As anyone who has been on either end of a short sale knows, there's nothing "short" about this type of real-estate transaction.
Complicated from the get-go, a short sale is basically when a homeowner owes more on a house than it is worth and lists it for less than the amount owed. Based on a documented case of economic and financial hardship, the lender agrees to accept the lower price, forgiving any outstanding debt.
For instance, if a house was purchased for $300,000 but is now worth only $250,000 and the homeowner still owes $290,000, the realtor would list the home at the market price.
"We would list at $250,000, and they would probably get an offer at $230,000 or $240,000," explains Melinda Peterson, short-sales specialist, principal broker and owner of Real Estate Café in Grants Pass. "Then the short-sale process begins. Once they get a negotiated offer between the seller and buyer, the realtor sends a packet to the seller's mortgage company, who then decides whether or not they'll accept the lower price."
If it goes through, a short sale satisfies the homeowner's debt and often is less stressful than a foreclosure because the home is actually sold on the market.
But because short sales can be "tricky transactions," it's important to understand the entire process, says Scott Gephart, a short-sales specialist with RE/MAX Platinum in Medford and Ashland.
"In order to properly handle them, one must be a great negotiator when dealing with banks," Gephart explains, adding that banks are "extremely picky" about what is required and the order in which documents must be submitted to lenders. "These minor details can quickly kill a potential deal or cause a client to lose first position due to an improperly written offer."
Bank statements, tax returns, a financial worksheet and hardship letter are included in the packets, which can contain as many as 75 pages. Sometimes the bank will immediately decline the offer but, most often, a short sale takes an average of three to six months, and sometimes nine, to negotiate, says Peterson, who has been representing buyers and sellers in short sales for more than a decade.
"Most of the time we see them agree, but they don't always agree on our first offering price — they may come back with another price or send out their own appraisers to come up with prices," Peterson says.
Because this process takes so long, it is typical for buyers to keep looking, often finding something else before the short sale goes through.
"But if the buyer is patient and willing and really loves the house, it can work out well for everybody," says Peterson.
The main benefit for the seller is that a successful short sale does less damage than a foreclosure to the seller's credit score. While foreclosure dings consumers' credit scores for seven years, making it difficult to get a home loan for up to a decade after the foreclosure, a short sale mars a credit score for just two years.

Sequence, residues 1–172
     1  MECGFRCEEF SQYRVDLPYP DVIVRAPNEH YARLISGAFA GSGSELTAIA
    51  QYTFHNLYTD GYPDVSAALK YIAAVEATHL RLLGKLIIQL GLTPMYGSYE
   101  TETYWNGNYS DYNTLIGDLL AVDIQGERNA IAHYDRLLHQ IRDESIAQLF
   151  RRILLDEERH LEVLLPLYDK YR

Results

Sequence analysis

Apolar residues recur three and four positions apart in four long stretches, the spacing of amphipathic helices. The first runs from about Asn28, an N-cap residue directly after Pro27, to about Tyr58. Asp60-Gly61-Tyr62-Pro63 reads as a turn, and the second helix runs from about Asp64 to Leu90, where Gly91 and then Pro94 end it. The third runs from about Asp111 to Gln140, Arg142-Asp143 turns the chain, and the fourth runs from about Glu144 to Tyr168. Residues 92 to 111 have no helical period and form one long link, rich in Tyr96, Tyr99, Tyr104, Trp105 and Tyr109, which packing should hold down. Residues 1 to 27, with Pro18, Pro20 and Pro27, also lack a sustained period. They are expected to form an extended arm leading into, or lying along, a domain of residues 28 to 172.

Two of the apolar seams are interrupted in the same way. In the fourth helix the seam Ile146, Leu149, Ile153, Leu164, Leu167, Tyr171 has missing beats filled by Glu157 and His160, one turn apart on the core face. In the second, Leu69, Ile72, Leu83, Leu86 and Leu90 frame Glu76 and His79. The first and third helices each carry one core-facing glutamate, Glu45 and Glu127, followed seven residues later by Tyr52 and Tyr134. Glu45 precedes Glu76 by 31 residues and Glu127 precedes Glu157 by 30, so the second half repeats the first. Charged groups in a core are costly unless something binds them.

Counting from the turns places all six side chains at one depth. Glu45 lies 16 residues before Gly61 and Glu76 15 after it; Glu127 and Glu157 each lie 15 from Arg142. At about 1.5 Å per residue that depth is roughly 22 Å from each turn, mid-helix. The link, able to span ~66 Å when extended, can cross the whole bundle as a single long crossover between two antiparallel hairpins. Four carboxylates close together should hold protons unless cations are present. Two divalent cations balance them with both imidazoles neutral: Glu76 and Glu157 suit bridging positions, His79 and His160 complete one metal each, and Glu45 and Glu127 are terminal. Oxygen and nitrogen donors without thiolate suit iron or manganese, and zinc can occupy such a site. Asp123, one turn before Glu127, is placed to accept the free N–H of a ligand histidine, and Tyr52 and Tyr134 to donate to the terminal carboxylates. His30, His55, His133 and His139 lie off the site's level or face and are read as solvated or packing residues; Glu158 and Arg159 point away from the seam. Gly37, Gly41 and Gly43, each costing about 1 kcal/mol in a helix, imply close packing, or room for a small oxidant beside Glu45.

"We've been told that banks look more favorably on a short sale when looking to lend again to the seller," says Peterson. "It can happen in as little as two to three years."
But a short sale also can backfire.
"We can get all the way to the end, and the bank will say 'no' and the house will end up in foreclosure anyway," Peterson says. "And sometimes banks will send a 1099 at the end of the year for the loss, adding to the homeowner's tax bill."
In today's challenging post-mortgage crisis climate, however, the federal government often allows homeowners to not pay taxes on a short-sale shortfall as long as the home was their primary residence.
"That's not necessarily true for people who own investment properties, though," warns Peterson. "For those people, we highly recommend they seek advice from a certified public accountant."
If sellers or buyers think a short sale sounds like a good solution, they should be careful to find a realtor who is qualified to represent them. Although the realtor's board offers a "distressed property certification," a realtor isn't required to have actually worked on a short sale to receive the certification.
Protect yourself by asking the realtor a few questions: Have you ever handled a short sale before? If so, how many? And what is your success rate?
"There are so many variables that can change the picture, and if a professional hasn't been down in the trenches, it can be a disaster," says Peterson.
Gephart agrees. "Ask a potential short-sales specialist if they offer a no-obligation consultation to help explain the ins and outs of this complicated process," he suggests. "Some time spent discussing options will help sellers and buyers decide if a short sale is right for them."
If all the real-estate stars align, a short sale can be a great resource for people in financial distress — and for buyers looking for a sweet investment or a good deal on a primary residence.